Back in the bright boardroom, it's hard to believe that this deserted suburban office is ground zero in the war over intellectual property. The place looks like it should have tumbleweeds rolling through it, with just 20 employees working out of an office building that once held 300 (most of the space has been subleased). It doesn't feel like a normal business, and that's because it isn't—a point made crystal clear when the public-relations guy turns on a tape recorder to ensure there's evidence should I accidentally misquote anyone.
"The ones that scream the loudest are also the ones on the other side . . . asking people to pay them for their patent work."
Believe me, I won't. Though Snyder, a 61-year-old former executive at HP and Dell, has a slow, folksy patter, he's also a competitive triathlete who thinks the infamous "Escape From Alcatraz" race, featuring an open-water swim in the 50-degree San Francisco Bay, is a great stress reliever. His big adversaries, he points out, are plenty aggressive when it comes to defending their own intellectual property. "The ones that scream the loudest," he says calmly, "are also the ones on the other side of the fence asking people to pay them for their patent work or asking them not to infringe on their patents." Snyder says he's simply doing his fiduciary duty by capitalizing on his shareholders' assets.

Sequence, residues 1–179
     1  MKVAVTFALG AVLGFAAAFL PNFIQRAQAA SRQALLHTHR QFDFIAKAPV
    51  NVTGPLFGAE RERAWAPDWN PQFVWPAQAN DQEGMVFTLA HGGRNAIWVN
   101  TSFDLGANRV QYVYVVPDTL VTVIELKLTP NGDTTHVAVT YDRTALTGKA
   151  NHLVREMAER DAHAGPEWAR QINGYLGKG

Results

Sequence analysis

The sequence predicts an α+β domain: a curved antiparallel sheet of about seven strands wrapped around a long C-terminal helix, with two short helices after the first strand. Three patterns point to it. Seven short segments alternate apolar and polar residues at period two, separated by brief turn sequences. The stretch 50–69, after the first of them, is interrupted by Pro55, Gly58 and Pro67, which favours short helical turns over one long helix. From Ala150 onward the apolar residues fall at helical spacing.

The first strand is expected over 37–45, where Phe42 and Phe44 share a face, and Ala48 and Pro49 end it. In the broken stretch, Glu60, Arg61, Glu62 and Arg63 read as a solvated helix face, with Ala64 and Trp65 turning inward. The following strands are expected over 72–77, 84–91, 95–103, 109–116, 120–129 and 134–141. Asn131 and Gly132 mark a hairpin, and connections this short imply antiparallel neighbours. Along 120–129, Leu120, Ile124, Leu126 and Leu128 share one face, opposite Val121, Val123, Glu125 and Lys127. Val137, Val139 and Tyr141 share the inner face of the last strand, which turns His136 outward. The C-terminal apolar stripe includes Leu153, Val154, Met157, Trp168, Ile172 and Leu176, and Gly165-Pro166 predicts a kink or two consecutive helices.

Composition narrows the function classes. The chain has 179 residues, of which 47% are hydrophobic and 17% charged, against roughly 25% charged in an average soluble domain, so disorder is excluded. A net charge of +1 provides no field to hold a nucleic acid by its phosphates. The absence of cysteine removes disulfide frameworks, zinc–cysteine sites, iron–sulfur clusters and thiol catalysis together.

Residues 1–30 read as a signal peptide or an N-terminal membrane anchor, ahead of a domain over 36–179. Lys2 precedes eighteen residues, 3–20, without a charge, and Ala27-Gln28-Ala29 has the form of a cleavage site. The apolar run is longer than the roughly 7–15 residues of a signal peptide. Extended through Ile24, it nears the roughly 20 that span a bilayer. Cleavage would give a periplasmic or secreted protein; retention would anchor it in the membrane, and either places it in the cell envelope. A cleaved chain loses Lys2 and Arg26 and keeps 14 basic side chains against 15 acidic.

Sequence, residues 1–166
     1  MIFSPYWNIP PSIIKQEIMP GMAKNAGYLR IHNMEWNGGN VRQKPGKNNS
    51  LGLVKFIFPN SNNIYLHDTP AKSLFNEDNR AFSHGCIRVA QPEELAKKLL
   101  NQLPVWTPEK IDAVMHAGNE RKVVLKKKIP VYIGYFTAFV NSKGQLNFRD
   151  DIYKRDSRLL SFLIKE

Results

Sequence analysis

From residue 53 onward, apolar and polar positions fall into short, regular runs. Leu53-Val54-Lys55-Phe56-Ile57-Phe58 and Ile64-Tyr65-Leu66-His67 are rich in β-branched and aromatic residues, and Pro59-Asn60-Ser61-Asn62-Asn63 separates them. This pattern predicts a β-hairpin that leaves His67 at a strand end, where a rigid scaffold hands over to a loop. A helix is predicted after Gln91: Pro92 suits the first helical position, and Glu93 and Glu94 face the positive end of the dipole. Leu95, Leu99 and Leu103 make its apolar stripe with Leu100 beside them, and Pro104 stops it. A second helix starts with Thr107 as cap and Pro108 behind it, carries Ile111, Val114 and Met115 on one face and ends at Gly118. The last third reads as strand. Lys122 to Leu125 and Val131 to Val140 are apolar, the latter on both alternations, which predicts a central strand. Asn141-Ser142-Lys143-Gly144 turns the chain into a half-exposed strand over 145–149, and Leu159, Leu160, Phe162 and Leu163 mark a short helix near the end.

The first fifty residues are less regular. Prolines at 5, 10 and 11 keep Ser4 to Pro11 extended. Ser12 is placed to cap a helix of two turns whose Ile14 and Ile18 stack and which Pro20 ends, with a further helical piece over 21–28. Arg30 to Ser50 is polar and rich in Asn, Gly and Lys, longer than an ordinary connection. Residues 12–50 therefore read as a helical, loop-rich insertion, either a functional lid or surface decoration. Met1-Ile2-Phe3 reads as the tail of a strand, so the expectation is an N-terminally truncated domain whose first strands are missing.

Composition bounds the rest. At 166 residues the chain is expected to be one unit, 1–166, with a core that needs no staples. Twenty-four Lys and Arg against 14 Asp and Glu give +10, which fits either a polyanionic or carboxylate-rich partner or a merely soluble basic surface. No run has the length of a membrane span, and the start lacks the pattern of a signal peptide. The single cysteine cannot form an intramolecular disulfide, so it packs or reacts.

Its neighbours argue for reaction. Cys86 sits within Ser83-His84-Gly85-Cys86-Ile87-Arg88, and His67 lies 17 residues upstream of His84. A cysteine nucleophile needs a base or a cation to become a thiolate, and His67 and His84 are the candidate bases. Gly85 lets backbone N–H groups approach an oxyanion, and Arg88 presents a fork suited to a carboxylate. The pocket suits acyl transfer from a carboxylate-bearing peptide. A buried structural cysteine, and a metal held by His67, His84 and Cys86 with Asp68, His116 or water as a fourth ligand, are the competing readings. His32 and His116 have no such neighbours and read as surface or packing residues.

Not that there are so many assets to pick from these days. Forgent's previous incarnation, a videoconferencing company called VTEL, fell on hard times in the late 1990s. In 2001, board member Snyder was brought in to right the company. He dropped videoconferencing and tried to reinvent Forgent as a software business, but that didn't work too well either. The company lost $6.1 million in fiscal 2002.
Cash-crunched, he and his board essentially began rummaging through the company closets—and found a treasure. Inventors working for Compression Labs Inc., a company VTEL bought, had registered for patents on a process that Forgent now claims is used in JPEG compression.
Enter the briefcases and cuff links. Snyder first aimed his guns at Japan, a less litigious place than the United States, in hopes of setting a precedent. Forgent sent letters demanding a one-time license fee to cover alleged past and future infringement. The strategy worked: Staying out of court, Sanyo paid $15 million and Sony more than $16 million in fiscal 2002. Emboldened, Snyder moved on to the U.S. market, going after more than a thousand companies that have used the JPEG in their products. For a while, Snyder used the settlements to fund other Forgent operations. After paying the lawyers their contingency fees of 50% or so, Forgent plowed much of the rest into its Alliance software business. But if '672 was a diamond, the software business was cubic zirconium. In fiscal 2004, Snyder finally wrote it down, and the company posted a $20.1 million loss.